Construction                                                30               252           154                  56          5,003                 115                 188            814                531                     89                 64           7,295             379               0               0          9,662        1,693           154           11,888        19,183
  Distribution and catering                                  123                78         1,103                  49               303              452                 199            373                260                   415                 104           3,459          14,655            1,521              2            297          681           993           18,149        21,608
  Transport and communication                                 68               169           807                  46               126            1,351                2,249         1,423                487                   336                 197           7,259           2,302             122              0             177        3,015           934            6,550        13,808
  Finance and business                                       105               422         1,388                 224          1,419               2,021                1,062         6,417              1,138                  1,164              1,179          16,539           9,839             219              44          1,890       11,112         4,959           28,062        44,601
  Public admin                                                  3                7               57                8                57               22                 167            628                 42                      6                 12           1,009             277               1       12,402               222              4             2         12,907        13,916
  Education, health and social work                           37                12           103                  25                19               88                  87            343                387                  3,169                103           4,373           1,941            2,476      15,303                  6         852           148           20,727        25,100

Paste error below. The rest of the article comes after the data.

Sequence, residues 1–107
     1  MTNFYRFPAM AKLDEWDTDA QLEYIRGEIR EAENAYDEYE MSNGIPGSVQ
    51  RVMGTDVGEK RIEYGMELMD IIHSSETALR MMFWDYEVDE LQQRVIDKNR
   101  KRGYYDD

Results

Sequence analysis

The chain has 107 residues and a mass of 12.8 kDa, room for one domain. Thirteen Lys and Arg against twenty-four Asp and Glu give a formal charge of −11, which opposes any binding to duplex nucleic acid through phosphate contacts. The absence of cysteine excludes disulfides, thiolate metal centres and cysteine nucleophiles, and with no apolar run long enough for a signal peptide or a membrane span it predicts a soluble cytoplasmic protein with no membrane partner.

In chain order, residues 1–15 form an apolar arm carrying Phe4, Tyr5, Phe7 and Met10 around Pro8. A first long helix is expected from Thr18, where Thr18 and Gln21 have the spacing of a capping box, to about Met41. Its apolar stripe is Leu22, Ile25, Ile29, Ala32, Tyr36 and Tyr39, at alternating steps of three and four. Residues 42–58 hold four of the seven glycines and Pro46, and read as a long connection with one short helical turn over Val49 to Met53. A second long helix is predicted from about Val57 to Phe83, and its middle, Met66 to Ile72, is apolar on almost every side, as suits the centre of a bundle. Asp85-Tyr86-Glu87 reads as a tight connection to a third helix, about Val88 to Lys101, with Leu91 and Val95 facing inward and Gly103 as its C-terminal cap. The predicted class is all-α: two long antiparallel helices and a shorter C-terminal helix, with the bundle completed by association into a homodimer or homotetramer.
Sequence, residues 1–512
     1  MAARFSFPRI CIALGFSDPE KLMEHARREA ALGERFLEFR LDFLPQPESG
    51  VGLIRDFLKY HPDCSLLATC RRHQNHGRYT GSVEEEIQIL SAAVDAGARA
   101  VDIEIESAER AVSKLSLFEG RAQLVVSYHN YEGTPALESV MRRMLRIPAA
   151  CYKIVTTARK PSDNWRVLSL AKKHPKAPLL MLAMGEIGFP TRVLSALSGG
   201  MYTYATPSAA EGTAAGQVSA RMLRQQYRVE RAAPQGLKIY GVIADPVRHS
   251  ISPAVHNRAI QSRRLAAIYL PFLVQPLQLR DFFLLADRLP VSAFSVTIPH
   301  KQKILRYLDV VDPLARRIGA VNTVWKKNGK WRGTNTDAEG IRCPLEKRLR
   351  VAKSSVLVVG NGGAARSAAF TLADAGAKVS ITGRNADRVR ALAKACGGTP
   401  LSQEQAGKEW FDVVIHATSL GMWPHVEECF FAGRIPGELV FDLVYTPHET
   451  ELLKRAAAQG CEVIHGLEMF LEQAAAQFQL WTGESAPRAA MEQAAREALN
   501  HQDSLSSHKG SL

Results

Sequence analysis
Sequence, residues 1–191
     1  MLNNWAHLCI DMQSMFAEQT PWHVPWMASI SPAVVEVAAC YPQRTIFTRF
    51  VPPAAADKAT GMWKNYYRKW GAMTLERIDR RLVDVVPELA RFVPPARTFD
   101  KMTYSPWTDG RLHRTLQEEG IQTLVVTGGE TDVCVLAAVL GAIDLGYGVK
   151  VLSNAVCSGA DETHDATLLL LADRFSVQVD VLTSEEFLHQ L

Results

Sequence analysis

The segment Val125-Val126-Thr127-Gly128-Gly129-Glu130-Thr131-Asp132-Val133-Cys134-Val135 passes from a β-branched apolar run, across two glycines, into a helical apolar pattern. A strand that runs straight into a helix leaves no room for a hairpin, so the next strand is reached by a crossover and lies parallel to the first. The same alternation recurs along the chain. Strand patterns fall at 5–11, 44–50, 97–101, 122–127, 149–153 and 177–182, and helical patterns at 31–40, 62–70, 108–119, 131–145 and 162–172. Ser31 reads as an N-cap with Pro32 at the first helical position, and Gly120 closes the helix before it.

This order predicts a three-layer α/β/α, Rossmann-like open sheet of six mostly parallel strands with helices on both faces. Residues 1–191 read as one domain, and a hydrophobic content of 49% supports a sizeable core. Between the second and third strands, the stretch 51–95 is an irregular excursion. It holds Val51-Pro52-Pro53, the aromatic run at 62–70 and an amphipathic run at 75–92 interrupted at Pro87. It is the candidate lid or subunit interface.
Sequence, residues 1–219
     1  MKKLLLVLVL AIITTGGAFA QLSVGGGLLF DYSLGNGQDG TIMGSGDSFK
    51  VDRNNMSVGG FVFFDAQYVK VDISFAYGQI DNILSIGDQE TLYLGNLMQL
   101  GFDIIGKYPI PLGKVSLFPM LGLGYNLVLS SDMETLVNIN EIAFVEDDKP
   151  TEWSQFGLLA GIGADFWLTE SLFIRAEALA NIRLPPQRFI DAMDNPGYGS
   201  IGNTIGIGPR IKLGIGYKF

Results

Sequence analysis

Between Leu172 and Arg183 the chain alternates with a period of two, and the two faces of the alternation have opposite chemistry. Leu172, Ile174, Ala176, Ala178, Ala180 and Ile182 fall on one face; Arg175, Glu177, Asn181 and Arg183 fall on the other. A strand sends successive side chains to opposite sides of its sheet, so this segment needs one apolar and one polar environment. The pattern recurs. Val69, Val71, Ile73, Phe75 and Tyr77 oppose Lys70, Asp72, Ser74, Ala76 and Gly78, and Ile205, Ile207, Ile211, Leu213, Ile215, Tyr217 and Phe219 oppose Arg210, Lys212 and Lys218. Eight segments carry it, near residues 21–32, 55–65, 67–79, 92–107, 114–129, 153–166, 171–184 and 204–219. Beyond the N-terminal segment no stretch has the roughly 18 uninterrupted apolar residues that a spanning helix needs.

Other services                                              15                32           301                  32                26              144                 150            321                381                   234               1,738           3,374           3,772             940          996               316          759               99         6,882        10,256

Total domestic consumption at basic prices                 1,031          1,415           12,034               4,392          8,463               5,058                4,597        10,864              4,016                  6,251              3,686          61,808          39,137            5,434      28,748            13,852       34,094        19,001          140,266       202,074
Imports from Rest of UK                                      493               646         7,815               1,248          2,350               2,108                1,477         4,246              1,944                 1,937               1,032          25,296          14,303             732              0           3,909              0             0         18,945        44,241
Imports from Rest of World                                   213               282         4,302                 393               784              799                 698          1,300              1,025                  1,080                457          11,334           7,308             461              0           2,401              0             0         10,170        21,504